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Signs Out of Time

A video on the life and work of Marija Gimbutas
Reviewed by Leslene della Madre for Awakened Woman, an online 'zine

Several years ago, a Canadian filmmaker, Donna Read, completed a trilogy of films about women's spirituality -- Goddess Remembered, The Burning Times and Full Circle. These films are a must-see for anyone interested in herstorical perspectives. They are a combination of deep inspiration, painful reality about the women's holocaust during the witch-burning times and intelligent conversation about women's ways, herstory and spirituality. In my opinion, they should be in every history curriculum.

Donna Read collaborated with Starhawk in her most recent endeavor, Signs Out of Time, narrated by Olympia Dukakis. This video is a biographical glimpse of the Lithuanian-born, late, eminent archeologist, historian, scientist and linguist, Marija Gimbutas, whose work on Old European Neolithic cultures (6500-3500 BCE) will one day be seen as brilliant, when the current backlash against her washes away in the cleansing waters of time. Indeed, the current misaligning of her work can only be happening now because her work is threatening to the status quo of patriarchy -- that which insists on domination and power-over.

Marija Gimbutas, an expert on Bronze-age weaponry for many years, came to the conclusion that she no longer wanted to study implements of war. Ill with lymphoma, she felt her illness was related to the energy of the weapons she had been studying for so long. She changed the course of her work. She decided to find out, without preconceptions, what happened in Europe before the Bronze Age. She eventually named the area of her focused study -- southeastern Europe, Yugoslavia, Greece and Italy -- "Old Europe." She did not identify herself as a feminist when she set out on her exploration, yet she blazed a powerful feminist trail, literally unearthing the evidence of the Goddess of great and profound antiquity -- She who predates all world-religions and rests at the dawn of human emergence. From evidence of 3,000 sites and tens of thousands of sculptures and figurines, she pieced together the patterns of a primordial, self-generating female deity. The theme of unity of all life with nature was undeniable to her -- something we must surely remember lest we destroy ourselves at this juncture in our collective experience on this planet.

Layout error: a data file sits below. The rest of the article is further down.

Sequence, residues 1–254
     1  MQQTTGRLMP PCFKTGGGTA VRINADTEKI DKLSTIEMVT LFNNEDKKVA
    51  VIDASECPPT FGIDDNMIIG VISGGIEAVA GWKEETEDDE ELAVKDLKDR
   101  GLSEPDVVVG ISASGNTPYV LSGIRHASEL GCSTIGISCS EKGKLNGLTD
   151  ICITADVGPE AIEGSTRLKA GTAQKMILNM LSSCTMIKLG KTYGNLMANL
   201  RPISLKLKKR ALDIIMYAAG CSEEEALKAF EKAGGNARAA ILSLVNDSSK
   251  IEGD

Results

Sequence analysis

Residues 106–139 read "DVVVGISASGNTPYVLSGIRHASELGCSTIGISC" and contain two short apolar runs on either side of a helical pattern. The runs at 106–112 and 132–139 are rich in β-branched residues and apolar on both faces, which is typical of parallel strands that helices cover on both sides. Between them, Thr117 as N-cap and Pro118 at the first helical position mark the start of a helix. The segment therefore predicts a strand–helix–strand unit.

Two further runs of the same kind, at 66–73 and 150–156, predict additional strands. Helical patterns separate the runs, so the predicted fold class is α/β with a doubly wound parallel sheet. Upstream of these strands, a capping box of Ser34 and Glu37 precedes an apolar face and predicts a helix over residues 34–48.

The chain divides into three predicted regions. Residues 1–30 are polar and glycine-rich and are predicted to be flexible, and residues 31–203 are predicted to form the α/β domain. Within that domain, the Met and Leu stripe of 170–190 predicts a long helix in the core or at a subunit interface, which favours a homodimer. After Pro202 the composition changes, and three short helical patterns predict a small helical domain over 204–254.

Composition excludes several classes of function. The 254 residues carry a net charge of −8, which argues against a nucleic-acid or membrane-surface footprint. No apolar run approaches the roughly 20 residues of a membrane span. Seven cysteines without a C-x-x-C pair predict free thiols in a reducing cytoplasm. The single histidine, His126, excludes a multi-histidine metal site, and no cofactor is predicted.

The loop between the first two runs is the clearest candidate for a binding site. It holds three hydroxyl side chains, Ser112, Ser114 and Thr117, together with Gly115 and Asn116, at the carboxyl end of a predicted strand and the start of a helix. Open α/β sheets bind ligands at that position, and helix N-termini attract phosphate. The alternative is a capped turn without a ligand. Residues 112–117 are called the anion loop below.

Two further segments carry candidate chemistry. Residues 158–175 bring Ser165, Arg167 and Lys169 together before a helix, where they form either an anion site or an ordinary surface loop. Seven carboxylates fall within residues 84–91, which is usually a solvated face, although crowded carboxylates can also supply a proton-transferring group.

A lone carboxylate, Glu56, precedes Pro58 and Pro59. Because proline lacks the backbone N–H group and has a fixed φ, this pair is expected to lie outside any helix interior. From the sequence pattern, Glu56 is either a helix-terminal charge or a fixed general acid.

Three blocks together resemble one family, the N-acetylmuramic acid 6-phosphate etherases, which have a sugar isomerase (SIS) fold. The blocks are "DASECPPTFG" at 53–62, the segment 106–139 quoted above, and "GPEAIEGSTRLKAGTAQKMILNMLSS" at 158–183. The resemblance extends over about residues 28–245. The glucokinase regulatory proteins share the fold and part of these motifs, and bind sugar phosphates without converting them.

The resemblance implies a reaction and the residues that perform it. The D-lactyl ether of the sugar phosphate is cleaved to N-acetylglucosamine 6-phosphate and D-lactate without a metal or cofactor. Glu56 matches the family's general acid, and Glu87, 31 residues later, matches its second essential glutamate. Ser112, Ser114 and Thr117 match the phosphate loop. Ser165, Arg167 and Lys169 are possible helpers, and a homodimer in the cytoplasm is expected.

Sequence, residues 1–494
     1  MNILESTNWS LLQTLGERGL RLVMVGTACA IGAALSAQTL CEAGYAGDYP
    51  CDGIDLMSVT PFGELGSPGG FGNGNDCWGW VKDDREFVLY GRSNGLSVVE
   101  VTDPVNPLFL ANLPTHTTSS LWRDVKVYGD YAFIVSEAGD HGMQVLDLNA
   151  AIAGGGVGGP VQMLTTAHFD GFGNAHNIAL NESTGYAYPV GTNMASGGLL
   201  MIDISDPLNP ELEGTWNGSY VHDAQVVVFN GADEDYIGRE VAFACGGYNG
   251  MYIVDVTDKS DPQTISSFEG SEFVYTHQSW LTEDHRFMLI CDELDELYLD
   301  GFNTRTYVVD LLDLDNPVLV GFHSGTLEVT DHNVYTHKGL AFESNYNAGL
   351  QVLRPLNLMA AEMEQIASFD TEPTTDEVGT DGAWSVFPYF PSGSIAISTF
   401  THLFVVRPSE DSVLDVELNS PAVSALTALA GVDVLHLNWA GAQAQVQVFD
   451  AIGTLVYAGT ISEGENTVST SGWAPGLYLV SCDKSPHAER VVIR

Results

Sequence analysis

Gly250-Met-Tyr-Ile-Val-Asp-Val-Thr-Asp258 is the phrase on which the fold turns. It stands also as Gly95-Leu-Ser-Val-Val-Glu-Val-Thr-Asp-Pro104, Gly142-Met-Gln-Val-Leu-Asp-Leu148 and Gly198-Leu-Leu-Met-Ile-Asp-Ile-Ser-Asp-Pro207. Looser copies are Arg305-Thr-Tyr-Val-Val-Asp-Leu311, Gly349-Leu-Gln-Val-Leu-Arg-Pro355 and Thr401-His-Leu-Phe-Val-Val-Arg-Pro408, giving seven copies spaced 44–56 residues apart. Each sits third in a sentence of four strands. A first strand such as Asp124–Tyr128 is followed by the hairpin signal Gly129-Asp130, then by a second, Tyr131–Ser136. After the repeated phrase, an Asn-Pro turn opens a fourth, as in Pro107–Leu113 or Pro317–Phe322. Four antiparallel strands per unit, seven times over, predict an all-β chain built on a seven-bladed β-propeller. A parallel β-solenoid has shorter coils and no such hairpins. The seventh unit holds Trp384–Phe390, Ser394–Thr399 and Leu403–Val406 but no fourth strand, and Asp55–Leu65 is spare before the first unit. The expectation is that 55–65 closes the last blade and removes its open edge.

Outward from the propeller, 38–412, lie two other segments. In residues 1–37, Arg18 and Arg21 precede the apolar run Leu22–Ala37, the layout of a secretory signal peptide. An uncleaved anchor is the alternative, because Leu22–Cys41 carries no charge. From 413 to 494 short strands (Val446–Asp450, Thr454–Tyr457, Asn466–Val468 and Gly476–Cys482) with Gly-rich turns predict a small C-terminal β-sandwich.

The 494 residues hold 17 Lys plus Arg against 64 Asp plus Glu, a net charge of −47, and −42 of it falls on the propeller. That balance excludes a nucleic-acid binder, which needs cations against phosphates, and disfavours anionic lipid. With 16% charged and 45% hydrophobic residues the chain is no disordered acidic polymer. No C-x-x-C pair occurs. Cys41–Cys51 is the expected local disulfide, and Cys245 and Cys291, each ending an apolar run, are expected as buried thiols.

Sings Out of Time tells not only the story of her life; it also reveals Marija Gimbutas' theories of pre-Bronze Age cultures which she claims were characterized by peace, woman-honoring, Goddess-worshipping and egalitarianism -- civilizations that existed for thousands of years without war. For her claims about the Goddess and woman-centered cultures, she suffered ridicule by those who had previously held her in high esteem as long as she focused on weaponry research.

In her bold and courageous approach, using her intuition to read and see the legacy of the Goddess, Gimbutas invented her own field of study, archeomythology, to embrace her experience and vision. As her one-time colleague-turned opponent, Colin Renfrew, said in the video, "everything became the Goddess for Marija." Yes, exactly. Renfrew was saying this as a criticism, and followed it with a reference to her using a rather feminine way of looking at things. Yes, exactly. Not to his liking, however. It was a particularly poignant and rather humorous (though unintentional on Renfrew's part) moment in the video because it revealed the true essence of the patriarchal mind and its fear of women's ways of knowing.

The film chronicles her journey as a young woman and mother fleeing Soviet and Nazi invasions of her beloved Lithuania, eventually emigrating to the United States in 1949 with her husband and daughters. Marija candidly admits that her marriage was not a very good one. Though there is a very short piece with her daughters, I would have liked to have seen more of them and heard more from their perspective about their mother. It was not an easy life for them, and I think it would be valuable to know more about their feelings and experiences as children of a well-known figure such as their mother was. There are also interviews with scholars, feminists and colleagues who have all been profoundly influenced by her extraordinary work.

If you are interested in learning about the truth of human origins and culture, this video essentially sets the record straight, since what we have been taught as history is criminally negligent of the truth. Not only does it show us about the life and work of a remarkable woman, it also encourages us to see that what Marija Gimbutas uncovered in her work is exactly the medicine we need for the deeply woeful and sorrowful times in which we live. Knowing that we have the cellular memory of peaceful, woman-honoring cultures from our earliest ancestors in our bones gives us the wisdom to know what we must do to change the world.
Thank you, Marija.

Review by Frodo Okulam, Portland State University Film Department